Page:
It’s March! That means longer days, less white, more green, and brackets galore. Selection Sunday announced the 68 teams heading to this year’s NCAA men’s basketball tournament. Bracket-mania has begun!

Diehard fans and causal observers alike are rushing to fill out a tournament bracket to see if they can predict the winner of the coveted championship. Each year more than 70 million brackets are filled out.

If you have never heard of Selection Sunday, March Madness, or a bracket, you might be my co-author. But I can’t really point fingers. The only reason I am a March Madness fan is because I went to school in North Carolina. It is difficult not to be when you are surrounded by NCAA tournament schools and EVERYONE is completely consumed by it.

Basketball, like most other sports, has clear winners and losers. And a one-and-done tournament shakes that out pretty quickly.

North American wildlife management plans recently had a tournament. And you’re not going to believe who won!

Ok, so it wasn’t really a tournament and there was no prize…except maybe for bragging rights.

Here in North America we use what has been coined the North American Model of Wildlife Conservation. A key part of the model is that policy is implemented by using science.

But does it? Enter March wildlife management plan madness. A group of Canadian and American researchers created a bracket and let the chips fall where they may. Their results were just published in the journal Science Advances.

The authors identified four criteria that should comprise scientific wildlife management and be incorporated into management plans:

  1. Measurable objectives
  2. Evidence (collect quantitative information)
  3. Transparency (explain how data are analyzed and make the information available to the public)
  4. Review (subject management plans to independent review)

There were 62 provincial, territorial, and state wildlife agencies interviewed about their management plans for 27 species (or species groups, e.g., upland birds). Over 660 different species management plans made up this bracket!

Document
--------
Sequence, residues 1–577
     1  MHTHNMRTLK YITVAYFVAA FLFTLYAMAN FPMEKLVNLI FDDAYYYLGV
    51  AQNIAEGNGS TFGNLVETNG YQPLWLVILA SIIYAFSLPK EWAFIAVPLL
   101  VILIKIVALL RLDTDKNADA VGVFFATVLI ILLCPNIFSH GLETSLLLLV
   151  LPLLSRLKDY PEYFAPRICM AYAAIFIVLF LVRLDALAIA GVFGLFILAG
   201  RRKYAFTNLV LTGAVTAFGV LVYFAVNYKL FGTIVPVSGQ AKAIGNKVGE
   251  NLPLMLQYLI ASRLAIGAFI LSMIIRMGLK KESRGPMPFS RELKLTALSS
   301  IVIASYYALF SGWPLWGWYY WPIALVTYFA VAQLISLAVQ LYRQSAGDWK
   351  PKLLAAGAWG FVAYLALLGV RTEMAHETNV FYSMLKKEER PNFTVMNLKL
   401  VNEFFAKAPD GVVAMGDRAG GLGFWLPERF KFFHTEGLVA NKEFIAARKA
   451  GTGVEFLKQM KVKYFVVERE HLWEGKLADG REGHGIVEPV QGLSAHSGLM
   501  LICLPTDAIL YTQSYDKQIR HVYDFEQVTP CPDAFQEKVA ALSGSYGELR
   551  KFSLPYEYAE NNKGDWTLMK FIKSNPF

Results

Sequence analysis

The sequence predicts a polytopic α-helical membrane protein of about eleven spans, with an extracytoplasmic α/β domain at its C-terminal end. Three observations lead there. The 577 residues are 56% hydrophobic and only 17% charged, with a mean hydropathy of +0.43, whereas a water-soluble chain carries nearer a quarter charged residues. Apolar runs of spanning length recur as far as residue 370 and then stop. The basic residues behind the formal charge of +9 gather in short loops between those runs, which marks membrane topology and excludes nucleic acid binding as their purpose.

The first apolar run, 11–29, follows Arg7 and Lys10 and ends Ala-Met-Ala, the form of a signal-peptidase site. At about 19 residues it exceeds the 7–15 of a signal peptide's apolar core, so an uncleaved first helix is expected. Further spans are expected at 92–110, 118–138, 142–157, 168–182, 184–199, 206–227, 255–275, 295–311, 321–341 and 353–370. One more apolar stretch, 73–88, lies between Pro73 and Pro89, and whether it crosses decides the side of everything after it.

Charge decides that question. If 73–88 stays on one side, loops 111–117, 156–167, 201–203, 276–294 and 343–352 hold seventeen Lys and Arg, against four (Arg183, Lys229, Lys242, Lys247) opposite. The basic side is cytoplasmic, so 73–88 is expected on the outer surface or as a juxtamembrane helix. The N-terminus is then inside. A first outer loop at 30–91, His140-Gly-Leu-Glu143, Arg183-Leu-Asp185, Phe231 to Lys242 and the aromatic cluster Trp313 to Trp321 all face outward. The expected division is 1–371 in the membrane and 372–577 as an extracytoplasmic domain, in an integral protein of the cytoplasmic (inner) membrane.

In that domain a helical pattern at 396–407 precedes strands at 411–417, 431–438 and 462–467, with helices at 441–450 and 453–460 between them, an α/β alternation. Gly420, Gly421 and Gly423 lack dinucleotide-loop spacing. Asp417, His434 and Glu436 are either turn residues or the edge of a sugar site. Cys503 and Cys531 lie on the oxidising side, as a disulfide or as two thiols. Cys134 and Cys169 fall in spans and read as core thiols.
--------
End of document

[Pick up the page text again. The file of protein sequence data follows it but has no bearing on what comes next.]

Guess who claimed the continental title for first place deer management plan? That’s right – the Pennsylvania Game Commission.

There was actually a 4-way tie among the Game Commission’s deer plan and Montana’s bighorn sheep, Washington’s Mountain goat and bighorn sheep, and Wisconsin’s deer management plans.

The authors noted that Pennsylvania met their criteria for having measurable objectives, quantitative evidence, and transparency. Pennsylvania might not have had to share the title if the Game Commission had been credited with subjecting their deer management plan to independent review.

We are not going to cry foul or blame the refs for a questionable call, but we would like to point out that the foundational methods used by the Game Commission’s deer management plan have been evaluated and published in the peer-reviewed scientific literature. Just saying.

Working together, the Game Commission, Penn State University, and the U.S. Geological Survey have published these peer-reviewed methods:

  1. How harvests are estimated (Rosenberry et al. 2004)
  2. Sampling for chronic wasting disease (Diefenbach et al. 2004)
  3. How deer productivity is monitored (Rosenberry et al. 2011)
  4. How public input is incorporated into the Deer Management Plan (Fleegle et al. 2013)
  5. How populations are estimated (Norton et al. 2013)
  6. How well antler point restrictions work (Wallingford et al. 2017)

March Madness may just be heating up the courts but Pennsylvania’s Deer Management Plan has been grinding it out for a decade. And we can’t say this recognition isn’t satisfying.

-Duane Diefenbach
Jeannine Fleegle

(Unfortunately, Penn State did not get an invitation to the Big Dance,
but the NC State Wolfpack did!  
Go Pack!!! – JTF)

On March 19, 2018, this post was updated to clarify the rating was attributed to the Game Commission’s deer management plan, not the program.

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